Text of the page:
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on 4 October 2016
The Middle-East crisis is now almost a quarter of a century old. It started after the Second World War when Harry Truman enforced much more Jewish immigration into Arabic regions than any other international body had suggested, meaning that the understandable need for a new Jewish homeland became a gross imposition on Arabs. Predictable Palestinian rebellion against this imposition led to disproportionate Israeli aggression (something that would become a long-term pattern), and extremists such as Gamal Abdul Nasser and Yasser Arafat rose to power – the poorly-planned Suez conflict only strengthened Nasser’s position. The Six Day War in 1967 was manipulated by Israel so that they could occupy Palestinian territories without granting indigent citizens any voting or political rights; only the rise of the peacemaker Anwar Sadat helped to restrain Palestinian terrorism. In the 1970s, Henry Kissinger and especially Jimmy Carter showed that specific peace settlements could be achieved in the Middle East, but during the 1980s Ronald Reagan increased ties to the Jewish lobby while Shimon Peres advanced Jewish settlements in the occupied territories, thereby undermining previous peace efforts. The Oslo Accords of the 1990s achieved little progress, and while Bill Clinton and Ehud Barak negotiated some peaceful breakthroughs, Arafat’s uncompromising attitude and Ariel Sharon’s belligerence created further violence. A conciliatory approach by Mahmoud Abbas was undermined when Palestinians foolishly voted for the terrorist organisation Hamas, and recently Benjamin Netanyahu’s Israel has been as disproportionately bellicose as ever, meaning peace in the Middle-East is as far away as ever.
This book covers all of these subjects in good detail, as well as other countries in the Middle-East such as Egypt, Iran, Iraq, Jordan, Lebanon and Syria. It is well-researched, authoritative and as objective as any book can be about this region in history; it should be read by all who want to educate themselves further. My only criticism is that the index is quite poorly put together, so if you want to find a particular section of the book you have to flick through the main text yourself to find it.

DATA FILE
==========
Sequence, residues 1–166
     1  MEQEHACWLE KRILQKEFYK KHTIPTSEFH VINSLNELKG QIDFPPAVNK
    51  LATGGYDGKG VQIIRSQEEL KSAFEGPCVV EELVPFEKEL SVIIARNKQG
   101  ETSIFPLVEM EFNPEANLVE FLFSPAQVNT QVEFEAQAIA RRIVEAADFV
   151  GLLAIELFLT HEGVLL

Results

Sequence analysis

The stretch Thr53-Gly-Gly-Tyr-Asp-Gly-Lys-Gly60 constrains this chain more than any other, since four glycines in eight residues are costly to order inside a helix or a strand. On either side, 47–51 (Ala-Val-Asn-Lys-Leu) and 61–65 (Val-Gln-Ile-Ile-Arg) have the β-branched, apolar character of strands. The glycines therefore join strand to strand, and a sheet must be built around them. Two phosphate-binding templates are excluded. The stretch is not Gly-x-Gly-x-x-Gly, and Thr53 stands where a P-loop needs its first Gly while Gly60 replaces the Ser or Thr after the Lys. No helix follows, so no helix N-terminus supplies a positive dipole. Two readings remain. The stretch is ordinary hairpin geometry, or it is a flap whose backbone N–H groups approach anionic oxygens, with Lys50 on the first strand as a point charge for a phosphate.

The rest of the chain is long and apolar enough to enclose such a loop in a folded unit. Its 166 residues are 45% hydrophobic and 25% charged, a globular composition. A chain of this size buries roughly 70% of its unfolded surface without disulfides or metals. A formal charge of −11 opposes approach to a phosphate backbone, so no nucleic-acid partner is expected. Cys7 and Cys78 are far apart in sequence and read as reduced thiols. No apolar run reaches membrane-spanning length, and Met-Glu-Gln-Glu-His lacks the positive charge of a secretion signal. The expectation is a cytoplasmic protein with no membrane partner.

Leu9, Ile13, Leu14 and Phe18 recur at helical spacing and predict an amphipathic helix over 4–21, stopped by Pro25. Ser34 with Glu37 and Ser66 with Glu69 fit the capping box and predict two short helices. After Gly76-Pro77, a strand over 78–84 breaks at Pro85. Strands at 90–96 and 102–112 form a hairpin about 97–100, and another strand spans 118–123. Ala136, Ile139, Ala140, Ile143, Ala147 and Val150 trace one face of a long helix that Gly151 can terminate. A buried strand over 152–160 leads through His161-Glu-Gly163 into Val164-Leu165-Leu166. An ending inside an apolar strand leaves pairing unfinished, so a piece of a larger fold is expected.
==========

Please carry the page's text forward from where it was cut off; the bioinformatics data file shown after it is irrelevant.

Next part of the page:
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on 9 April 2016
Ordered this as a "go-to" book and it hasn't disappointed. It doesn't go into great detail on topics but definitely loads enough content to allow for own further research to be conducted.

The book is laid out in an appropriate way which starts with basic geographical and religious knowledge on the Middle East.

I highly recommend this book if you wish to gain a greater understanding on how the Middle East has got to where it is today.
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on 12 December 2017
Very easy to read and understand
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on 16 October 2014
I think background knowledge is required when reading this book as it tends to skim over events and is more like a reminder of what has gone on rather than a book for someone new to the subject.
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on 10 December 2013
Reading this book made the problems in the middle east made it very easy to understand all the troubles that have been going on .
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on 10 July 2015
great book for quick reference on the middle east
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on 23 May 2015
Invaluable and readable insight into the Middle East. Good structure and chapter overviews / summaries mean a complex subject is made clear. Ends in 2010 so needs an update hence 4 stars.
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on 21 September 2013
I purchased this as I know very little history on the Middle East and with the rescent events in Syria I wanted to a better understanding on this place. It certainly does that from what I can tell from other sources. I found it an easy read and the Kindle edition helped to jump back and forth wherer it suggested.

Well worth the price if you are in my position.
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on 11 December 2013
Well written, informative and easy to read, interesting commentary, includes small sections for quick reading, and a timeline of events.
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on 8 January 2013
Compelling book, very interesting for whoever want to better understand the middle east challenges, a must read.
Clearly written, accessible without a Phd, and very well thought. Well done.
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